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AN

ACCOUNT

OF THE

CUSTOMS and MANNERS

OF THE

MICMAKIS and MARICHEETS

SAVAGE NATIONS,

Now Dependent on the

Government of CAPE-BRETON.


FROM

An Original French Manuscript-Letter,

Never Published,

Written by a French Abbot,

Who resided many Years, in quality of Missionary, amongst them.


To which are annexed,

Several Pieces, relative to the Savages, to Nova

Scotia, and to North-America in general.

* * * * *

LONDON:

Printed for S. Hooper and A. Morley at Gay's-Head,
near Beaufort-Buildings in the Strand. MDCCLVIII.




PREFACE.


For the better understanding of the letter immediately following, it may
not be unnecessary to give the reader some previous idea of the people
who are the subject of it, as well of the letter-writer.

The best account of the _Mickmakis_ I could find, and certainly the most
authentic, is in a memorial furnished by the French ministry in April,
1751, from which the following paragraph is a translated extract:

"The government of the savages dependent on Cape-Breton exacts a
particular attention. All these savages go under the name of
_Mickmakis_. Before the last war they could raise about six hundred
fighting-men, according to an account given in to his most Christian
majesty, and were distributed in several villages established on
Cape-Breton island, island of St. John, on both the coasts of Acadia
(Nova-Scotia) and on that of Canada. All, or most of the inhabitants of
these villages have been instructed in the Christian religion, by
missionaries which the king of France constantly maintains amongst them.
It is customary to distribute every year to them presents, in the name
of his majesty, which consist in arms, ammunition of war, victuals,
cloathing, and utensils of various sorts. And these presents are
regulated according to the circumstances of the time, and to the
satisfaction that shall have been given to the government by the conduct
of these savages. In the last war they behaved so as to deserve our
approbation, and indeed have, on all occasions, given marks of their
attachment and fidelity. Since the peace too, they have equally
distinguished themselves in the disturbances that are on foot on the
side of Acadia (Nova-Scotia)."

The last part of this foregoing paragraph needs no comment. Every one
knows by what sort of service these savages merit the encouragement of
the French government, and by what acts of perfidy and cruelty exercised
on the English, they are to earn their reward.

The _Maricheets_, mentioned in the said letter form a distinct nation,
chiefly settled at St. John's, and are often confounded with the
_Abenaquis_, so as to pass for one nation with them, though there is
certainly some distinction. They used, till lately, to be in a constant
state of hostility with the Mickmakis. But, however, these nations may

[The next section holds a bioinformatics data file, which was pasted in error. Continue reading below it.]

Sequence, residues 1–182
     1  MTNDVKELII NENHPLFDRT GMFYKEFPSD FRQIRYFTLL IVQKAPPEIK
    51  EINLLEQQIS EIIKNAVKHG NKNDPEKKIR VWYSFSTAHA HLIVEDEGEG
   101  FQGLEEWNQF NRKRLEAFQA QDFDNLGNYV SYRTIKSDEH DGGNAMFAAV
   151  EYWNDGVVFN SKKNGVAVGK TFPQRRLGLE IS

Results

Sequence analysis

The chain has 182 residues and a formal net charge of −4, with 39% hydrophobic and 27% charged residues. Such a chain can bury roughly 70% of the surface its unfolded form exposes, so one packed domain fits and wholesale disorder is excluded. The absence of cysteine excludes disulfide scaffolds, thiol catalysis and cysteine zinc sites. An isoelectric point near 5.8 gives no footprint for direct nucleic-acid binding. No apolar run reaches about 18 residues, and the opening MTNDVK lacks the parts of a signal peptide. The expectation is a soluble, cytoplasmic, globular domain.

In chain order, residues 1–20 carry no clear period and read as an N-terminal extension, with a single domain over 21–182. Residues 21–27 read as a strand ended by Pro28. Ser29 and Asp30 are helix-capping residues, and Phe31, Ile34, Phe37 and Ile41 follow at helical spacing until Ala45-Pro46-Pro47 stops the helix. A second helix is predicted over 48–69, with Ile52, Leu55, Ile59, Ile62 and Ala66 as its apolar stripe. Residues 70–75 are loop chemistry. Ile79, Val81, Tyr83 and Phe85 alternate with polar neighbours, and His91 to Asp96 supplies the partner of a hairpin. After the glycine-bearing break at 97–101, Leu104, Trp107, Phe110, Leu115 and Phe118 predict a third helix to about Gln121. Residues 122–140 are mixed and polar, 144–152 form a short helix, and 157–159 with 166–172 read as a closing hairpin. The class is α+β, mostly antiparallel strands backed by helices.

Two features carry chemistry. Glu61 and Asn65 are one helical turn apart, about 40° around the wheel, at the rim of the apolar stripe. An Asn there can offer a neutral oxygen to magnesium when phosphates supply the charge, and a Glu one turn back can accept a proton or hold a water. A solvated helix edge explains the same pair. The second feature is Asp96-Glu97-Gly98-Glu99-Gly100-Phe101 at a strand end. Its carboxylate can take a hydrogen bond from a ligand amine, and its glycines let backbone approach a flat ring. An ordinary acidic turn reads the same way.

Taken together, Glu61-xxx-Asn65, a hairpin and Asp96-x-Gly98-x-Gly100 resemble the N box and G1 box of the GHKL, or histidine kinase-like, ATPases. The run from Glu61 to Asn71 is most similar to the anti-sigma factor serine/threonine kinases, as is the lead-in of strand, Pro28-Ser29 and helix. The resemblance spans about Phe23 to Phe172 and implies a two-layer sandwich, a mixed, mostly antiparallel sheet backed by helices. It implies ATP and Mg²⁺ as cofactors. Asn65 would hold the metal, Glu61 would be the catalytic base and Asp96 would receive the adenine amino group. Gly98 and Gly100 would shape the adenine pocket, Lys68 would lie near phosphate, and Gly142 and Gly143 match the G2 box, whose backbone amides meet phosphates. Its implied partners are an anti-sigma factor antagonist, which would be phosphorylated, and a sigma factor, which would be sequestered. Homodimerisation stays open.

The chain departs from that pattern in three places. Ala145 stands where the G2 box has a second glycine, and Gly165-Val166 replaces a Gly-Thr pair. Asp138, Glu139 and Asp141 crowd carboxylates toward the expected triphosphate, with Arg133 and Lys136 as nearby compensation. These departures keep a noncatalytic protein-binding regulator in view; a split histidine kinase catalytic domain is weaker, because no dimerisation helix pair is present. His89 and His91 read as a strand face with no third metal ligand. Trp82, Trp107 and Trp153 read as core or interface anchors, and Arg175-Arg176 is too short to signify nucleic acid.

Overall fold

be at peace or variance with one another, in one point they agree, which
is a thorough enmity to the English, cultivated, with great application
by the missionaries, who add to the scandal of a conduct so contrary to
their profession, the baseness of denying or evading the charge by the
most pitiful equivocations. It is with the words peace, charity, and
universal benevolence, for ever in their mouths, that these
incendiaries, by instigations direct and indirect, inflame and excite
the savages to commit the cruellest outrages of war, and the blackest
acts of treachery. Poor Captain How! is well known to have paid with his
life, infamously taken away by them, at a parley, the influence one of
these missionaries (now a prisoner in the island of Jersey,) had over
these misguided wretches, whose native innocence and simplicity are not
proof against the corruption, and artful suggestions of those holy
seducers.

It would not, perhaps, be impossible for the English, if they were to
apply proper means, and especially lenient ones, to recover the
affections of these people, which, for many reasons, cannot be entirely
rooted in the French interest. That great state-engine of theirs,
religion, by which they have so strong a hold on the weak and credulous
savages, might not, however, be an invincible bar to our success, if it
was duly counter-worked by the offer of a much more pure and rational
one of our own, joined to such temporal advantages as would shew them
their situation capable of being much meliorated, in every respect; and
especially that of freedom, which they cannot but be sensible, is daily
decreasing under the insidious encroachments and blandishments of the
French, who never cares but to enslave, nor hug but to stifle, whose
pretences, in short, to superior humanity and politeness, are not
amongst their least arts of conquest.

As to the letter-writer, he is an abbot much respected in those parts,
who has resided the greatest part of his life amongst the Mickmakis, and
is perfectly acquainted with their language, in the composing of a
Dictionary of which he has labored eighteen or twenty years; but I